Leading Bitcoin exchange Mt. Gox has been knocked offline in another distributed-denial-of-service (DDoS) attack just hours after the exchange re-opened following a huge Bitcoin price decline.
“We are experiencing a stronger than usual DDoS,” Mt. Gox wrote on its Facebook page. “We are working [on] it.”
Mt. Gox is vital to the Bitcoin ecosystem, but it is also currently the biggest hurdle to Bitcoin’s legitimacy. About 70 percent of Bitcoin trades are processed by Mt. Gox, and Bitcoin prices are mostly measured from Mt. Gox’s market price. More than 20,000 new accounts are now signing up for Mt. Gox accounts daily. Yet it has trouble processing trades during high-activity periods.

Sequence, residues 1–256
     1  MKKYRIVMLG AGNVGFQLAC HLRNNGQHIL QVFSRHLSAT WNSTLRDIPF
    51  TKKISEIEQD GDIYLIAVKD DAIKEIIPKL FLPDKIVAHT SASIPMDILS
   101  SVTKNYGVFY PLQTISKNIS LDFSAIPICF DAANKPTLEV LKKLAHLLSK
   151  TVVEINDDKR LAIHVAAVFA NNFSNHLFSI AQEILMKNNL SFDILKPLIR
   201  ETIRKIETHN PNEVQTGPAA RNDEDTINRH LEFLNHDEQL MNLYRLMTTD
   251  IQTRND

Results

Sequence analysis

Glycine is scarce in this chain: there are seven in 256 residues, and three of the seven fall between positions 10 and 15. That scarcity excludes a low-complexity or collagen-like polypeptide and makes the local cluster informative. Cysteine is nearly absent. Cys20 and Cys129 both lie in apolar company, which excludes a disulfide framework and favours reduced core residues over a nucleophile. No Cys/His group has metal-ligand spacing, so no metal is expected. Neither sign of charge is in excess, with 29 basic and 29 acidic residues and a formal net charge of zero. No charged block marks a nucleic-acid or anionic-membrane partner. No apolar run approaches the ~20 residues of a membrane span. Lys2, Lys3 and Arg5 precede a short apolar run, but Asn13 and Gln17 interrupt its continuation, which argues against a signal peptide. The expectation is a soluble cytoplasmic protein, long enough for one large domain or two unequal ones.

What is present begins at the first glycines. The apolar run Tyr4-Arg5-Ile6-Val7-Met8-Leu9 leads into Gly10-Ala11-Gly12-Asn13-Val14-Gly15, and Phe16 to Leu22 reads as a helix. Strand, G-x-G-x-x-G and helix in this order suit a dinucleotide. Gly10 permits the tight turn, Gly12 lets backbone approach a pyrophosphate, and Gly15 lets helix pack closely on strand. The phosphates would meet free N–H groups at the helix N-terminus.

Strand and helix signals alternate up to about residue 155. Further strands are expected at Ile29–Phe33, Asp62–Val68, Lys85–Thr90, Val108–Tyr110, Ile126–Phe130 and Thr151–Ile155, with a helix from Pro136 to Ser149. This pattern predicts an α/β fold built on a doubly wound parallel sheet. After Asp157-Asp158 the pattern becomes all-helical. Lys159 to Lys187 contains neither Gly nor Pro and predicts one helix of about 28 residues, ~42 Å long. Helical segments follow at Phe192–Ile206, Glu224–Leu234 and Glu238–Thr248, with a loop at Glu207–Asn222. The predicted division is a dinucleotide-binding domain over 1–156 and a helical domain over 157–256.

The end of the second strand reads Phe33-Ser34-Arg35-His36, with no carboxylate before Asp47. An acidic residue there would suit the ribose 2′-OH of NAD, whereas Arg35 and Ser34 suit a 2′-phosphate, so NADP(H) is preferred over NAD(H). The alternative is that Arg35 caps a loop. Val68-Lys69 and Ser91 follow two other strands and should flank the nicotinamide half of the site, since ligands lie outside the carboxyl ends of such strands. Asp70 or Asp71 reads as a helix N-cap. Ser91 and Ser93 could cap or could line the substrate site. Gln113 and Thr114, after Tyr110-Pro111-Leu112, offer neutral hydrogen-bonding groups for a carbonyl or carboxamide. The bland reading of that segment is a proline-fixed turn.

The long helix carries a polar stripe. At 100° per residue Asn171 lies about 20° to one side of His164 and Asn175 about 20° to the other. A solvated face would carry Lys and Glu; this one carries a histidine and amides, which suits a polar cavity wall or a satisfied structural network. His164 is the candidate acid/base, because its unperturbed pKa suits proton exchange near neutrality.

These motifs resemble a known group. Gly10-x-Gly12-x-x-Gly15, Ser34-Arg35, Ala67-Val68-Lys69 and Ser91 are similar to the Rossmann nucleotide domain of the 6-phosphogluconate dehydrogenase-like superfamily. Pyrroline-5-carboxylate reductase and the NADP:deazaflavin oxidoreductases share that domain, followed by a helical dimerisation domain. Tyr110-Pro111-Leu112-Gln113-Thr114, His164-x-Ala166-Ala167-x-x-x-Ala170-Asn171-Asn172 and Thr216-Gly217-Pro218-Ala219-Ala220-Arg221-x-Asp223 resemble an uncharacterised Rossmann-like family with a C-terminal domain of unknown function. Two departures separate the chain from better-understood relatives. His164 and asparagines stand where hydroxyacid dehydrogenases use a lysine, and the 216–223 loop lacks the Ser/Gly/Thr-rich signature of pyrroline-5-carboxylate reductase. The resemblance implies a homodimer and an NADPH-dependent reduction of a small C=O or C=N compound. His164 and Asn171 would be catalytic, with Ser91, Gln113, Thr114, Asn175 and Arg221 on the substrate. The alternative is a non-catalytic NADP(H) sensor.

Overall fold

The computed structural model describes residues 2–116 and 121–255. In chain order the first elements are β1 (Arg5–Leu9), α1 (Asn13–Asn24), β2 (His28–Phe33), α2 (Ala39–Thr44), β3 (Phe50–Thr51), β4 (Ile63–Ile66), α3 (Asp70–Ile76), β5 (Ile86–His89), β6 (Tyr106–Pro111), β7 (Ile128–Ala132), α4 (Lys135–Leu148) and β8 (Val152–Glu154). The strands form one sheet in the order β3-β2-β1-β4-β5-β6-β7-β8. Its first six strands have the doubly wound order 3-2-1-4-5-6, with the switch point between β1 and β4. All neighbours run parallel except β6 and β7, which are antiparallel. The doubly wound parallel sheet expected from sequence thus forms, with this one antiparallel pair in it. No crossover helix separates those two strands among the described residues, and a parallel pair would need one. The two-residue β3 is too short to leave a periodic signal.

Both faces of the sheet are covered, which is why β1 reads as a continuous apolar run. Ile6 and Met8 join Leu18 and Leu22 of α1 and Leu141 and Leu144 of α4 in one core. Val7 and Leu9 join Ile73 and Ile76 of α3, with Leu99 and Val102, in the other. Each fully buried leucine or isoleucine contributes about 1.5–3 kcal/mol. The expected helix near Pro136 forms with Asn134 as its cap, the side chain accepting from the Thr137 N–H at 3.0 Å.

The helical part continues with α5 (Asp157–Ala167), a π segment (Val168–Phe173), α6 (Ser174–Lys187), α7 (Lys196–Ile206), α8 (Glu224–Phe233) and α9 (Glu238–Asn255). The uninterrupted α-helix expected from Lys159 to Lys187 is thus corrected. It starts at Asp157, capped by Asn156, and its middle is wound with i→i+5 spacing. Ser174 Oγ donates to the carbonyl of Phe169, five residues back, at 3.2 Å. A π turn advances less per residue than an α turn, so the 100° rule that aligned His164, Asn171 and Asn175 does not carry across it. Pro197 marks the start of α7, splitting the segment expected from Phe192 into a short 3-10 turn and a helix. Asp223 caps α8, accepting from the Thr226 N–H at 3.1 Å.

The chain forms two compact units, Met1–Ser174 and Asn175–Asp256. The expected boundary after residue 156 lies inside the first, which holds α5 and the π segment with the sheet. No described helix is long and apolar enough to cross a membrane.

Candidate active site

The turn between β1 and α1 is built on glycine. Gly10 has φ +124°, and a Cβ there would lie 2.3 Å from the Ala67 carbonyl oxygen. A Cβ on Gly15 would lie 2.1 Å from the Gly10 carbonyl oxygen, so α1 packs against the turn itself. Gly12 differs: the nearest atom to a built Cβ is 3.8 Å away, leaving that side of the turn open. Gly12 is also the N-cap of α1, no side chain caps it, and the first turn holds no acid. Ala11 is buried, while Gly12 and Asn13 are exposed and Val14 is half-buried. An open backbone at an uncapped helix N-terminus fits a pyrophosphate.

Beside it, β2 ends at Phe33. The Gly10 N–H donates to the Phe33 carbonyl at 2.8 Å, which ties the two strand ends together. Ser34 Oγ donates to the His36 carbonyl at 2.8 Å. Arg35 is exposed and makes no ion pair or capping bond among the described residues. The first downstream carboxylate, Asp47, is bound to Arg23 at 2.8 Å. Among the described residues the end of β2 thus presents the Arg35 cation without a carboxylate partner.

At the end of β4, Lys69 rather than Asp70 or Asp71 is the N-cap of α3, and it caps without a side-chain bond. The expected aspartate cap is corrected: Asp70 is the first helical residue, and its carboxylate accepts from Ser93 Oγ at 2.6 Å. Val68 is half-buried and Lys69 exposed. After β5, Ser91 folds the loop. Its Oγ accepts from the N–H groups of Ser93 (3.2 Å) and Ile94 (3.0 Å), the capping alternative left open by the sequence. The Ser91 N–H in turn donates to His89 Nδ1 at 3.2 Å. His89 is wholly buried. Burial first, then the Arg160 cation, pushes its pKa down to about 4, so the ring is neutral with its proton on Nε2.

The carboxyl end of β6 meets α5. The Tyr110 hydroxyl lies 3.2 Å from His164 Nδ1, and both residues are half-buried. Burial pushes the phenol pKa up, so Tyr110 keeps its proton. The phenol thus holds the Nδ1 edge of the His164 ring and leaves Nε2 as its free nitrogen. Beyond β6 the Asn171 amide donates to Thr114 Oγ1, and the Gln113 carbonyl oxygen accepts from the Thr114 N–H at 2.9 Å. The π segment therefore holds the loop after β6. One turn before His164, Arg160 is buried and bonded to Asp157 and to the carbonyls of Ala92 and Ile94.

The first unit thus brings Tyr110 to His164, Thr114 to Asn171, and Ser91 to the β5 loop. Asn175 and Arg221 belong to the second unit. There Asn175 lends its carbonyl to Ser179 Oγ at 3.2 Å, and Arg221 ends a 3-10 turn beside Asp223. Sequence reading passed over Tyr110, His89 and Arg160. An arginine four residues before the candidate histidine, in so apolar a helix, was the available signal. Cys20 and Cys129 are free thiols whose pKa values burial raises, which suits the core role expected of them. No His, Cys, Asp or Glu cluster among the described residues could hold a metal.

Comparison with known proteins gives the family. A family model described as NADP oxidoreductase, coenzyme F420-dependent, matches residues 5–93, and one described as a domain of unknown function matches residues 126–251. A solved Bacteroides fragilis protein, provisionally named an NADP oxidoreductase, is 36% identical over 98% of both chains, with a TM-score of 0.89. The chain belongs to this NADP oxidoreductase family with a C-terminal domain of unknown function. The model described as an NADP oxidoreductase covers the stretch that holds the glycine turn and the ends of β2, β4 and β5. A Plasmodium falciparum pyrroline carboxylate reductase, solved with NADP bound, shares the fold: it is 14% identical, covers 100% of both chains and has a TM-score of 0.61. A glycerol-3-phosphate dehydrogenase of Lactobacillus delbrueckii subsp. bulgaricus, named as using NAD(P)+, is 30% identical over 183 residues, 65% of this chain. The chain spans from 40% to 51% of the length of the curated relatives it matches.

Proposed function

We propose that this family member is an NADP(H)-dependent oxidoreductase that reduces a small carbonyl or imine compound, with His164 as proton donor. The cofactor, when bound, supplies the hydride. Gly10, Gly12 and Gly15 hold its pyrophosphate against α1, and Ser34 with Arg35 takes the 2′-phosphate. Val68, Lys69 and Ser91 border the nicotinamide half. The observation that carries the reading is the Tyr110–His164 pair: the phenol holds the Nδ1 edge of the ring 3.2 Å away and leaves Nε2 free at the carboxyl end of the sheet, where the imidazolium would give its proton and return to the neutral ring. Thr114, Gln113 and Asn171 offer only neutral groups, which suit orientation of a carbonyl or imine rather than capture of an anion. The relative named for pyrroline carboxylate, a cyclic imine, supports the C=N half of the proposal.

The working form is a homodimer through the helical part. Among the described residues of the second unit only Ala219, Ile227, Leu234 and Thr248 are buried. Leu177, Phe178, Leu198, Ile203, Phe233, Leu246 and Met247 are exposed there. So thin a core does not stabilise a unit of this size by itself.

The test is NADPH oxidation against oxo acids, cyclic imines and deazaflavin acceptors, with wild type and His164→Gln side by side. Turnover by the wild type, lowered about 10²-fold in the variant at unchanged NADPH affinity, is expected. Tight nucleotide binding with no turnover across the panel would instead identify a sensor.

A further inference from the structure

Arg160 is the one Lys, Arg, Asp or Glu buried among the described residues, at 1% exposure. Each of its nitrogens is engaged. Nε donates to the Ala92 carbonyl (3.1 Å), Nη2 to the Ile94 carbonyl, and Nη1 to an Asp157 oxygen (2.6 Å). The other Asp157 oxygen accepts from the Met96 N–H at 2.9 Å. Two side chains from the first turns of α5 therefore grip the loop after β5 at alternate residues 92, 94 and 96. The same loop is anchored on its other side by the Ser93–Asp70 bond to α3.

The exchange voluntarily shut down for 12 hours on Thursday after a particularly bad Wednesday, when the price of Bitcoin collapsed more than 40 percent in six hours. Mt. Gox said it would use this downtime to add more servers that would better handle traffic and reduce transaction lag time. It also wanted the downtime to serve as a period of “cool off” for investors who might have been panicked from the stunning price drops.
Mt. Gox has been the subject of crippling DDoS attacks before and just last week a DDoS attack took the site offline, which helped push prices downward. Bitcoin prices did eventually recover last week, but those gains were wiped out with Wednesday’s massive decline.
Hacker image via ollyy/Shutterstock
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